I'm guessing that the Splash Screen is not always visible. So you should know when it's removed... When that happens, simply enable the buttons. An even better approach would have been: not to add the buttons and who knows what under the Splash Screen... I don't understand why did you do something like this but I can surely say that it's senseless and as you found out yourself, it only leads to trouble.
Another solution would be a hit test, check if a Slash Screen is hitting any of the buttons. But honestly, I think you're overcomplicating this, you shouldn't have added any buttons or elements before the Splash Screen is gone. Only once the user navigated away from the Splash Screen should have you added the new elements.
Two response to that:
Yes, it's a pretty goofy set up. In my contrived example, it's simple to disable the small number of objects on the screen. In reality though, I could have hundreds of interactive objects, all in various states at any given moment. I could write a whole lot of code to keep track of button states, or I could cover it all up with a single object that will prevent touches from getting through. But I understand your point and it makes a lot of sense.
The more significant problem with your solution though is that my splash screen is used to cover up applications built by 3rd parties. I can't guarantee their buttons and other interactive objects are disabled when I want to show my splash screen. The 3rd party doesn't necessarily know when the splash screen is coming up. So my algorithm to randomly touch objects ends up scanning their active buttons even though they can't technically be touched.
Again, your point is valid in that I could potentially just go through the entire sprite display list and forcibly disable everything. However, it's probably not in my best interest to do so, because the thing I'm covering up is a 3rd party application and I could potentially screw up their application's states.
In any case, thanks for the quick response. I'm looking forward to hearing more opinions...
I'm not really getting the 3rd party part. I'm guessing that these "3rd party objects" are in fact separate .swf files that are somewhat loaded into your application that has a splash screen ( otherwise, I really can't image how the whole thing would look like ). If this is the case, then since you always know when a 3rd party .swf file displayed you just need to delay it... What I mean by this: I'm guessing that you are preloading both the splash screen and the 3rd party .swf at the same time and adding both to the display list at the same time... well, what if you just add the splash screen, and add the 3rd party .swf after the user navigates away from the splash screen? ( the .swf would already be preloaded and ready to display ).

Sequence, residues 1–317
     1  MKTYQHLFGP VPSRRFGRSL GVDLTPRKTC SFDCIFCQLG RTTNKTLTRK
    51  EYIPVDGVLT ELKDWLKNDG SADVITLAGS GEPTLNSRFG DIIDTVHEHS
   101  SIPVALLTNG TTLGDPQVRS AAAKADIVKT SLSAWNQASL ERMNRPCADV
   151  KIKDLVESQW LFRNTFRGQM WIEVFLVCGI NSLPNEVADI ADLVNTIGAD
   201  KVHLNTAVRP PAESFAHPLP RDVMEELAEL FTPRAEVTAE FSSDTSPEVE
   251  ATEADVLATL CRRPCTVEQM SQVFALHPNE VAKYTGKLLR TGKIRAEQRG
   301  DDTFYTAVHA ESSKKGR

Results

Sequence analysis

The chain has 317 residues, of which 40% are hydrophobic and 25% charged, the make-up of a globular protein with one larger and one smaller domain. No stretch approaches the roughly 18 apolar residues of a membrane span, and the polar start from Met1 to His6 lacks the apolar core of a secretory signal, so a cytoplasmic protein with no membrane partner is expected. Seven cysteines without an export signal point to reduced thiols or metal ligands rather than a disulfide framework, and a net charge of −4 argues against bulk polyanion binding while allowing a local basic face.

If I didn't understand then problem right, then a link or a few screen shots would surely help.
First off, I want to thank you for your time. It's very appreciated.
I've attached a simple diagram of two potential states in my application. The first state is the base state. The blue area is my application. The green area is a 3rd party application, which is a separate SWF as you've correctly deduced, with its own interactive elements. The green area is contained in the blue area... ie. I've loaded it and added it as a child of my application. As an example, I have a help button in my application. The second state represents when the help button has been pressed and the purple "splash screen" comes up on top of the 3rd party application. The help screen may or may not have additional interactive elements.
So, to get back to my original problem, I have an in-house test tool that simulates user interactions by searching through the display list for enabled interactive objects. I have no control over whether or not this 3rd party application enables or disables their buttons when I press the help button, but I know that my help screen effectively prevents touches from getting to those 3rd party interactive objects. When my test tool is running, I'd like to be able to determine if a particular sprite (one of the green interactive objects in my example) is covered/clipped so that I know if I can safely ignore it during my test tool's search. Is there such a function in any of the Flex/Flash libraries?